Something particularly anxiety-producing happens when one shifts attention from humanly caused damage to nature to environmentally caused danger to human health. Peoples’ responses to the effects of environmental crisis become much sharper and more urgent, when they, not ecosystems or biota, are the victims. More important, perhaps, environmental damage of this sort expresses itself in the most fearfully intimate manner; it induces destructive change inside and not just around human beings. Exploring environmental health risks makes for a sense of crisis far more claustrophobic than what even severe ecological deterioration produces. Expansive feeling for nature seems no consolation at all when the body’s basic well-being is attacked. When one considers environmental impacts on human health, one quickly feels that, though apocalyptic visions of the imminent end of nature are out of date, people today dwell more deeply and disturbingly than ever before within a form of environmental crisis. As Theo Colborn, Dianne Dumanoski, and John Peterson Myers point out, for example, no human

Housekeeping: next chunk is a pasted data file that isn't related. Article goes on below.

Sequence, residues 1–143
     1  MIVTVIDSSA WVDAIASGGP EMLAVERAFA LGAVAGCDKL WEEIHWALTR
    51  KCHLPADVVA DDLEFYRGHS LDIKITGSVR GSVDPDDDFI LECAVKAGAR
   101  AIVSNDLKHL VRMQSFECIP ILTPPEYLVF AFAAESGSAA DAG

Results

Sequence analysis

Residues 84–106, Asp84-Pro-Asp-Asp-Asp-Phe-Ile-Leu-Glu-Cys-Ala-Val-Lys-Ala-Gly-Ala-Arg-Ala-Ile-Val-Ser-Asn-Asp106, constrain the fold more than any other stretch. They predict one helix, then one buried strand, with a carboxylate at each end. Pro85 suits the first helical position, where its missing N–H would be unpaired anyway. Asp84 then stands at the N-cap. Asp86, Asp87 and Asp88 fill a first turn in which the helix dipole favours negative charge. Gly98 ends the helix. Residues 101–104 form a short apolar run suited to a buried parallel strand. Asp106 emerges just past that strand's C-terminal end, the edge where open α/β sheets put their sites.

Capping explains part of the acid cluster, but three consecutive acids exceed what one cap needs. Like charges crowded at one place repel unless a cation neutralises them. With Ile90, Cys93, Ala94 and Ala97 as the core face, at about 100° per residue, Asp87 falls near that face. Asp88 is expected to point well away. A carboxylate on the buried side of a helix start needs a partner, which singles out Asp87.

being anywhere today remains free of residues of human-made toxic chemicals in his or her body. Researchers wishing to do epidemiological studies confront the lack of “an uncontaminated population for comparison. No young person alive today has been born without some in utero exposure to synthetic chemicals that can disrupt development.”1